Within the horticulture sector, there are programmes for Sustainable Winegrowing in New Zealand and Integrated Pest Management in fruit production.
Forestry is putting effort into independent certification for sustainable forestry practices. Half of our plantation forests and a third of the annual harvest are already third-party certified. These are just some of the many, many examples I see everyday.
They matter because agriculture and forestry use fifty-two percent of our land area and more than three quarters of our fresh water. Every-day decisions made by farmers, horticulturalists and foresters have a real effect on our environment.
In recognising where we are going, I want to also pay tribute to the partnership approach making the new direction possible. Farmers are working with environment groups. Fishing companies are working with communities and with Forest and Bird. Foresters are working with local government and each other...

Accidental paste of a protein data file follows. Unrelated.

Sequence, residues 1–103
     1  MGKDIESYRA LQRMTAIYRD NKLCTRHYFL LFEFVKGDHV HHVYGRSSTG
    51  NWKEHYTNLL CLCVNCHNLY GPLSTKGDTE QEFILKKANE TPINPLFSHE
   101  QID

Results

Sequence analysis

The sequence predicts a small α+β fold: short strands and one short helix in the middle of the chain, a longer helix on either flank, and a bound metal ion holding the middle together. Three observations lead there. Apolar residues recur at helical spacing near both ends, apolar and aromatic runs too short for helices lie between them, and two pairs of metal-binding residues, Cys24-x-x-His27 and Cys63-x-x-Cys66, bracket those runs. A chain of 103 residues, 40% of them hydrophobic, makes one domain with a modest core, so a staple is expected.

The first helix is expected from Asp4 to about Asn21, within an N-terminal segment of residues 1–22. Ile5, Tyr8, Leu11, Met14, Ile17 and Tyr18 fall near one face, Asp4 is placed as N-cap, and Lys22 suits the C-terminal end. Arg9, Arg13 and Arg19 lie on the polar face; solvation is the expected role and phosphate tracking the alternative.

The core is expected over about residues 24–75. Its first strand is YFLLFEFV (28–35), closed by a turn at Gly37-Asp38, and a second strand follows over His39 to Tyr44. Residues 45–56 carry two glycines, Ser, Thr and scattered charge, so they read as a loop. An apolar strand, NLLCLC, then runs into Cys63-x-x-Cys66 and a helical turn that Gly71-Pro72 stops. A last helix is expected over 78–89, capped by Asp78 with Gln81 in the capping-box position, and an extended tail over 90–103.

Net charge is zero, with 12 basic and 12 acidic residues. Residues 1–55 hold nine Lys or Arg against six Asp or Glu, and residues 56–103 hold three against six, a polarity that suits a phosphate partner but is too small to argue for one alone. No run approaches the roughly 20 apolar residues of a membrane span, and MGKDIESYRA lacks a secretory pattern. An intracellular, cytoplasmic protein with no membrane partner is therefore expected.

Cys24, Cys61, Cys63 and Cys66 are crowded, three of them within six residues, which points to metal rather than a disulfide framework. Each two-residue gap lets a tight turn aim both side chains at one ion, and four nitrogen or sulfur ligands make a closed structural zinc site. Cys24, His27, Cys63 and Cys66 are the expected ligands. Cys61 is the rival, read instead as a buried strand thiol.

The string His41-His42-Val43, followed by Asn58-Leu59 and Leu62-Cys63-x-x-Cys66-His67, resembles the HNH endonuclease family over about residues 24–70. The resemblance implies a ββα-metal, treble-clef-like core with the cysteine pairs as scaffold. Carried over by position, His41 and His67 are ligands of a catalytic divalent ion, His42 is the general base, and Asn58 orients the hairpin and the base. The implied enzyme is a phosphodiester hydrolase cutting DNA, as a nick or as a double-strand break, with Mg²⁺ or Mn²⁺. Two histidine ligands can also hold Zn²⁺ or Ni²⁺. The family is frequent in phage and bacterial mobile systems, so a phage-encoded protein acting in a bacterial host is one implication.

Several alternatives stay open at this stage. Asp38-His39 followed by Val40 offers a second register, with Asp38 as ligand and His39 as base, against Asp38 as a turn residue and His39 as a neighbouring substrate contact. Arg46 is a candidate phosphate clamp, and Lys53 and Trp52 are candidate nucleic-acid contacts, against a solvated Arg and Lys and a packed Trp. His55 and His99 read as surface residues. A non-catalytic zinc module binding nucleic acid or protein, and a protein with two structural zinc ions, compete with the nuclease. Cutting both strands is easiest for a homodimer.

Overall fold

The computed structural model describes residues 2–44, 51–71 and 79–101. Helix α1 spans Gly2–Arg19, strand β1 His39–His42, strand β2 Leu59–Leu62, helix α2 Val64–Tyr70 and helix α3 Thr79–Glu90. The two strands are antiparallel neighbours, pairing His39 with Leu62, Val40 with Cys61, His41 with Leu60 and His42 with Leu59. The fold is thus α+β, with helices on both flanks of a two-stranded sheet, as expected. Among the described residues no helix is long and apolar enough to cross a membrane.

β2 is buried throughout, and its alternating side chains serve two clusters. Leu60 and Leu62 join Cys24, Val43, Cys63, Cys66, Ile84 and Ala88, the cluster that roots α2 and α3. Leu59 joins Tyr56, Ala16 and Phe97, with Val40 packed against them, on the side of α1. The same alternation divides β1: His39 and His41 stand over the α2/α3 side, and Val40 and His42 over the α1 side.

Partnerships are built on an understanding that our shared interests are a solid rock, from which we can build. Partnerships make possible the progress I've talked about. So I want to praise Forest & Bird's constructive role in the partnership as well, and encourage more of it.
The over-arching environmental issue is climate change. And no issue is more requiring of a partnership approach. Internationally, partnership between nations is essential. But we also need to act locally. We have to act because our climate is going to change. Greenhouse gases have already been released that will cause temperatures to rise in the short term no matter what we do.
New Zealand produces only 0.2 percent of the world’s greenhouse gases, but we will face a hundred percent of the effects of climate change. Temperatures are likely to increase in the North Island. Rainfall will increase in the west and decrease in many eastern regions. We should expect more extreme weather events. Our land-based primary industries will be deeply affected. The conservation estate and our natural environment will be affected. We have to act. We have to adapt. We have to do what we can to protect against making things worse.